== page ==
Yesterday I actually got around to sorting through a bunch of loose genealogy papers that had been loitering around since my move.  I found a few items that needed to be scanned and here are a sampling of them.

First is an advertisement I found while looking through an old travel magazine for New London Co.  An advert for Randall’s Ordinary Restaurant.  AKA site of the Randall Cemetery.  See the first few days of this blog for more on that cemetery, when it was the cemetery of the day.

Next is a few random items of William R Wells (my great grandfather) of Ashaway, RI in connection to the Mill he managed.

Here are a few articles I found in connection to the old Crandall Homestead in Westerly, RI.

Here are a few items that are about William R Wells (Same as above) and his poultry business. The article that doesn’t say where it comes from is the one that goes with the Poultry Advocate.

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Come visit my website at www.FamilyHistoryDetectives.net and let us help you trace your family tree!

 

April 20, 2010 – Alfred, New York April 20, 2010

So today I thought I’d share some pictures and discoveries from my trip to Alfred, NY last fall.  It was truly exciting to walk around places that so many generations of Stillmans and Crandalls have also trodden.

Upon my arrival in Alfred I first visited Alfred University.  Their history/genealogy department in their Library had some information they were holding for me.  I had contacted them in advance to see if they had anything on the Stillmans or Crandalls that I might find interesting.  I was able to get a photograph of my Great Grand Aunt Amelia Esther Stillman in a photograph of the staff of Alfred University.  Amelia was an Art Teacher.  She was a fabulous artist.  We still have some of her paintings in the family.  I’ll post pictures of those at a later date.  I was also able to get a copy of her obituary that ran in The Alfred Sun.   The Univ. had a file on her because she was a teacher.  Here is the front and back of that photo and the obituary.

After I left the Library at Alfred University, I drove down the street to see the house that my Great Great Grandfather, Phineas Crandall Stillman built and lived in with his wife Orpha Crandall located at 26 Church Street, Alfred, NY.  Sadly Phineas’ house is not fairing too well these days.  It is currently occupied with college students from the College and University.  It looks in need of a good restoration.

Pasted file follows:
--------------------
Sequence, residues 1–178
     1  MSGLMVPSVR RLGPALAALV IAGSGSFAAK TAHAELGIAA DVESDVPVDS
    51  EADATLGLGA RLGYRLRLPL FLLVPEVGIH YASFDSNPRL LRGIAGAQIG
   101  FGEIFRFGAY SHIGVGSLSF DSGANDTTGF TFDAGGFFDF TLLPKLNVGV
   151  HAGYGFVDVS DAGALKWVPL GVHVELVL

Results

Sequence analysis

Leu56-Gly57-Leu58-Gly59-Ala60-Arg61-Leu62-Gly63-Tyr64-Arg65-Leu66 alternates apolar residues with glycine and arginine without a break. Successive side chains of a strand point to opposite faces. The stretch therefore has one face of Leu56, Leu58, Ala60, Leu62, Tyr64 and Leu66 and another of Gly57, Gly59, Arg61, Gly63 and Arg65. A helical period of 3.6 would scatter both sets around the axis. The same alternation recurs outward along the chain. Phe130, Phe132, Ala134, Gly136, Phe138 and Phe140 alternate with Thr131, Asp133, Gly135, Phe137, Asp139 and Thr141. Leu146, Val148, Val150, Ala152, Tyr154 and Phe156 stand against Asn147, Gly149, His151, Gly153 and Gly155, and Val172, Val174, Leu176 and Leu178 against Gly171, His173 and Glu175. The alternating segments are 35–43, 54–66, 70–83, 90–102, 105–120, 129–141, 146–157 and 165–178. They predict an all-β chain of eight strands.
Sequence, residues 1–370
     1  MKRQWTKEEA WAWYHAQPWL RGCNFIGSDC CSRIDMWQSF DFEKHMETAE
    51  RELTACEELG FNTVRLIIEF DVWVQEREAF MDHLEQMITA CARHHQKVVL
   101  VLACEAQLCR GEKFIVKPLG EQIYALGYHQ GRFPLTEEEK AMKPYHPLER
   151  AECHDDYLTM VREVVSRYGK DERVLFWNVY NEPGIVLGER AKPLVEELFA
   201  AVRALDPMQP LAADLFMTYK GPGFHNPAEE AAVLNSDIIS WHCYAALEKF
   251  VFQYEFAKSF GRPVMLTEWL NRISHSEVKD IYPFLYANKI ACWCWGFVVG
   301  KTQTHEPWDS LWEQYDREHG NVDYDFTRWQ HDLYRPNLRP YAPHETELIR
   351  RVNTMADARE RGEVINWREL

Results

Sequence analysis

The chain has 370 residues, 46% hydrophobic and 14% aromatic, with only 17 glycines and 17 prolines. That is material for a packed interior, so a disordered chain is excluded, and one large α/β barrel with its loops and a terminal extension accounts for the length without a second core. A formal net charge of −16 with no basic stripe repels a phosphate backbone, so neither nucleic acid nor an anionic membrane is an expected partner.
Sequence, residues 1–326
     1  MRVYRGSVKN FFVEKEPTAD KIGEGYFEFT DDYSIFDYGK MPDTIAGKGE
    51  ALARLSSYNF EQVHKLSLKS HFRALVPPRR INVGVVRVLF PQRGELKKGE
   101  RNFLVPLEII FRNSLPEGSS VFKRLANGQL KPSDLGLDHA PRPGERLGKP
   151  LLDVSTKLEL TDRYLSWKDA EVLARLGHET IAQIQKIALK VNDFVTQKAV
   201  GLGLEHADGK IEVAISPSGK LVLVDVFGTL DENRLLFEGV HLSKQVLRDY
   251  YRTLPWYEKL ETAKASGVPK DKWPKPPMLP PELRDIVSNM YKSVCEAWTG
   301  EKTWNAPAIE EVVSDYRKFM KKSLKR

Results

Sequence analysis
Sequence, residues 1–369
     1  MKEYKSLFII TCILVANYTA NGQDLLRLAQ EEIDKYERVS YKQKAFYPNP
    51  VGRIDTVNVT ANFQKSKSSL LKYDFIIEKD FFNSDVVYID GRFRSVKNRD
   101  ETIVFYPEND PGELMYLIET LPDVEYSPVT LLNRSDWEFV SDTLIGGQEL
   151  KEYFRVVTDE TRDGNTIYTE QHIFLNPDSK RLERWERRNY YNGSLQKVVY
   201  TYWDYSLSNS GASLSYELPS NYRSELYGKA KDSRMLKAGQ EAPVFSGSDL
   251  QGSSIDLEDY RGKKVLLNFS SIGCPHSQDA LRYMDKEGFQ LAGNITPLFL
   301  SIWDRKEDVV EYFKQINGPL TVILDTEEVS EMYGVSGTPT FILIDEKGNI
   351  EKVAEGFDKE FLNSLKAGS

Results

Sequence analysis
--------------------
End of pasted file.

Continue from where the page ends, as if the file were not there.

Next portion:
Here is an excerpt from my Great Aunt Dot’s memoirs that mentions this home in Alfred:

“Mother’s family lived in a lovely old home in Alfred, New York.  It had a big kitchen with an exit onto a lovely garden above the brook a sloping hill in back on top of which was a sugar bush.  I think her father, Phineas Stillman must have owned the whole section ¼ mile above, for Uncle Albert Stillman lived up there and next to his place was an apple orchard.  Greenings were sent to us from it.  Mother owned that lot and Bill (William Rudiger Wells)  inherited it.  The only property he claimed and sold after mother’s death.  My mother’s father was Phineas, who married Orpha Crandall.  The children of Phineas and Orpha were Amelia (talented artist), she taught art at Alfred for 16 years.  Albert who ran a farm, married Celestia, had two sons, Luin and Clarke.  Eleanor, who went to Kentucky and the age of 16 to teach, met a young Captain in the Northern Army They had been married during, had a military wedding with swords crossed under which the bride and groom walked from or to the alter in the Seventh Day Baptist church in Alfred.  He was a Colonel at the end of the war and she always called him Colonel Ellsworth.    Bill lived with her 1906-1912.  For two years she, Bill and Forest together, for Forest went to Alfred from 1910-1914, she wanted all the children to get a college education and was glad to help the two boys who in turn worked to help her.  She had me come my first year at Alfred, as Forest was there.  We washed and cleaned, did dishes, etc. to help us.  Then my junior year, she had me again as her health was better.”

Here are some pictures of the house that I took on my trip and also a couple of photos of the house out of an old family photo album.  Those old pictures are probably dating back to the 1920’s.

 I next drove up Church Street to 70 Church Street, Alfred, NY.  The 1900 Census puts Albert S, Celestia, A. Clark, Eleanor and Amelia Stillman all living together at 70 church street.  Here is a photo of that house.  It is probably less than a mile up the road from Phineas’ House at 26 Church Street.